Crime & Courts

Western Alaska teacher sentenced for attempted possession of child pornography

A teacher in Stebbins was sentenced this week to nearly two years in federal prison for exchanging sexually explicit messages with who he thought was a 16-year-old girl.

Lon Dean Gillas, 67, was arrested in 2020 and pleaded guilty earlier this year to a federal charge of attempted possession of child pornography. Gillas received a 21-month prison sentence Thursday in federal court, according to court records.

Gillas repeatedly engaged in sexual conversations with someone he thought was a 16-year-old girl who lived outside Alaska, soliciting nude photographs of her and asking her to perform sexual acts, according to federal charges. The messages were sent using his Bering Strait School District Google account, charges said.

The FBI had already been looking into Gillas because a 20-year-old woman who had been living with him as part of “a contractual master/slave relationship” reported acts of sexual violence, according to a sentencing memorandum filed by prosecutors. No charges have been filed related to those allegations and the woman left the state before Gillas began contacting the other party, the memorandum said.

Investigators found those messages during that first investigation, the memorandum said. A school superintendent said at the time that he had also alerted Alaska State Troopers after receiving messages the week prior from community members that raised red flags about Gillas.

After Gillas was indicted, investigators discovered he had not actually been talking with a 16-year-old girl, but an adult man who had been posing as the girl as part of his own “fantasy role play,” a memorandum written by a federal public defender said. The man was not affiliated with law enforcement.

Gillas taught students in grades seven through 12 at the Tukurngailnguq School and had worked for the district for nine years.

Before Gillas was hired in Alaska, his teaching license was revoked in Oregon in 2010 after he was reprimanded several times for viewing sexually explicit materials at the schools where he worked.

Gillas did not disclose the revocation when he applied, former Superintendent Robert Bolen said at the time. He said Gillas’ actions would have caused concern for the district and that he “fell through the gap.”

The district relies heavily on fingerprinting done by the state education department during licensing to point out any potential criminal activity. Gillas does not have any previous criminal history, and while the revocation from Oregon is public, there is no national database for reprimands or actions taken on teachers’ licenses.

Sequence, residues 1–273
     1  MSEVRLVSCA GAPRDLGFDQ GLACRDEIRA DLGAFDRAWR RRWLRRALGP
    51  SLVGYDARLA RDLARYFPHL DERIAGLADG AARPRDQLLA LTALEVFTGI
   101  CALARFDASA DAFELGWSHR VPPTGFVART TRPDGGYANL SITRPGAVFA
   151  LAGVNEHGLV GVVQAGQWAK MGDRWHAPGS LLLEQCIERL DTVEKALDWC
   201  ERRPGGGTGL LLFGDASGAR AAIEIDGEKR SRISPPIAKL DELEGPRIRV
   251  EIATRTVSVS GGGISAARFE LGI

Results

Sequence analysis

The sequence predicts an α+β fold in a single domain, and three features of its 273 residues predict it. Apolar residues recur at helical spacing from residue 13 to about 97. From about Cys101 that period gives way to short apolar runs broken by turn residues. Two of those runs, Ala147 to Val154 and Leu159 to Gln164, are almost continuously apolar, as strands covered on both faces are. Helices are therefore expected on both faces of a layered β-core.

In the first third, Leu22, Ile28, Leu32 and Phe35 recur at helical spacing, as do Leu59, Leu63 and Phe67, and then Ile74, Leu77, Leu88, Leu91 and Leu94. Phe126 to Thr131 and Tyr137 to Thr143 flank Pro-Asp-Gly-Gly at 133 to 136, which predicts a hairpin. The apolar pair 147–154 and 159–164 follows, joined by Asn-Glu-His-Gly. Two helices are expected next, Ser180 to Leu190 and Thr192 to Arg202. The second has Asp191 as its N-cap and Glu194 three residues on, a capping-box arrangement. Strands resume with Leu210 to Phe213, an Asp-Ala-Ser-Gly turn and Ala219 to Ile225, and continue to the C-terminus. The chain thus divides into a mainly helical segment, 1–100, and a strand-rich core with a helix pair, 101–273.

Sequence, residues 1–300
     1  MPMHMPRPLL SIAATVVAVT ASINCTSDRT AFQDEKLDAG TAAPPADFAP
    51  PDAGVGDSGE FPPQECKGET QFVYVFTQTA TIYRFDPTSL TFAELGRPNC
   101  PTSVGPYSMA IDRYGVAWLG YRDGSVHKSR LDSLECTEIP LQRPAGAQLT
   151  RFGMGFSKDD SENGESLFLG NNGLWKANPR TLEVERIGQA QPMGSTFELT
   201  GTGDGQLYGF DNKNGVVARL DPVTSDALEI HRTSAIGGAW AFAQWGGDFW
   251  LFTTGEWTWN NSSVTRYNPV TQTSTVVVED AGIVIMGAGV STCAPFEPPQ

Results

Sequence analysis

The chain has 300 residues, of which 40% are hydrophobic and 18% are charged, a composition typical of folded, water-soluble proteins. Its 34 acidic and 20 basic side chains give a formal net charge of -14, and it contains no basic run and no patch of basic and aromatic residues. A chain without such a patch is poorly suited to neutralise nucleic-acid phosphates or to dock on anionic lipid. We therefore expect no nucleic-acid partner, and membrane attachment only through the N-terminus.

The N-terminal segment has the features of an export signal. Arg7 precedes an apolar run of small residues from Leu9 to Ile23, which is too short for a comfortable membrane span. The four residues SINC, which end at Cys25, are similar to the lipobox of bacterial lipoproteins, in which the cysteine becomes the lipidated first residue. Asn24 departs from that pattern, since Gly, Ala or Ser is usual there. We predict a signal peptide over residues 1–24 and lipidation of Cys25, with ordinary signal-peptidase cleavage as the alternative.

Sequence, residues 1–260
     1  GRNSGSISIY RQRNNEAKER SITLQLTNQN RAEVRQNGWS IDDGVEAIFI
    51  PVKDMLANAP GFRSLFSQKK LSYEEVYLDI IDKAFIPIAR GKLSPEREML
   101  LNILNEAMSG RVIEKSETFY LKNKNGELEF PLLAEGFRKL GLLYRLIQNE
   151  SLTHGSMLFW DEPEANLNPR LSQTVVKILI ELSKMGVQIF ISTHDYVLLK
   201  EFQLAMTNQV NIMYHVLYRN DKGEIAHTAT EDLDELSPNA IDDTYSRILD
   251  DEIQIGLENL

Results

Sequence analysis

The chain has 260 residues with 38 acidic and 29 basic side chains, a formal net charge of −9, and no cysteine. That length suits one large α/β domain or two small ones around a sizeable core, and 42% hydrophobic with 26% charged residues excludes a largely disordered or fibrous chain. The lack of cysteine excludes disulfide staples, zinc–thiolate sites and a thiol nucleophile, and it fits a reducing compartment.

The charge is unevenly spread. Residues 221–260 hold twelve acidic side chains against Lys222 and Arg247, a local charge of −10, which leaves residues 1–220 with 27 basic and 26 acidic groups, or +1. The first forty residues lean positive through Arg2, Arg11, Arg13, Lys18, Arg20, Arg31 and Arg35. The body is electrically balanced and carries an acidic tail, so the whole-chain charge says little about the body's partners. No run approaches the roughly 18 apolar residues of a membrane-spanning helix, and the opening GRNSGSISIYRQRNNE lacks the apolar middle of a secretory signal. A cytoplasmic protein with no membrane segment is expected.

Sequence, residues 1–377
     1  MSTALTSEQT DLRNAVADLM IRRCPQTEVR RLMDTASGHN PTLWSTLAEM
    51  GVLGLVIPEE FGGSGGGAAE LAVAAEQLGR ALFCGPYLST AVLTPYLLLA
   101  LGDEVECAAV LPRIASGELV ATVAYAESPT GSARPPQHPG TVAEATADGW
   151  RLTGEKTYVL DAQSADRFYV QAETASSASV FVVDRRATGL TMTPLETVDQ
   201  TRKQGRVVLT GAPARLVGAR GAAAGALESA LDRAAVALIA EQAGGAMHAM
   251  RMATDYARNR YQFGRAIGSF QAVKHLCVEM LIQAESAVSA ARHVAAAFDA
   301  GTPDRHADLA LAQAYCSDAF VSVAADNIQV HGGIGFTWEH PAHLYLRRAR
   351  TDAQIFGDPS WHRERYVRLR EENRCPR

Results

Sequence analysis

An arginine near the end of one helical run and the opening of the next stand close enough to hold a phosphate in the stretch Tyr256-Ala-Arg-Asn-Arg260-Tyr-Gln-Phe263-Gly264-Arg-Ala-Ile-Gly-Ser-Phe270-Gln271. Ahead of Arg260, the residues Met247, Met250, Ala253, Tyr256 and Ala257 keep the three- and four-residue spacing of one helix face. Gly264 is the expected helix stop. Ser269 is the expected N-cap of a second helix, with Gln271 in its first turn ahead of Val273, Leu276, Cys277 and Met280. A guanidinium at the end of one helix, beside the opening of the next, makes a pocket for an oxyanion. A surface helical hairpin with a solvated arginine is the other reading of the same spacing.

Bolen said at the time that there was no indication Gillas had harmed any students at the Stebbins school.

The current Bering Strait School District superintendent did not respond to a message Friday asking for details about Gillas’ employment status.

Gillas’ teaching license remains active in Alaska but is set to expire in October. It was not clear whether there was an ongoing investigation into his conduct from the state education department.

“All Professional Teaching Practices Commission investigations are confidential until the Commission takes official action against an educator, or the accused elects to have a hearing,” Grant Robinson, a spokesman for the Alaska Department of Education and Early Development, wrote in an email.

Gillas is one in a string of teachers in rural Alaska who have been charged with sex crimes in recent years. Another Bering Strait School District instructor was arrested in 2016 and abused more than a dozen girls at the Wales school. The district paid $12.6 million in a resulting civil lawsuit.

Gillas’ attorney requested a sentence of five years’ probation in the defense’s sentencing memorandum, citing his lack of prior criminal history.

He was sentenced to 21 months in prison, followed by 10 years of supervised release. As part of a plea agreement, charges of attempted receipt and production of child pornography and attempted coercion of a minor and attempted sex trafficking were dismissed.

Tess Williams

Tess Williams is a reporter for the Anchorage Daily News, focusing on breaking news. Before joining the ADN in 2019, she was a reporter for the Grand Forks Herald in North Dakota and previously helped cover the Nebraska Legislature for The Associated Press. Contact her at twilliams@adn.com.

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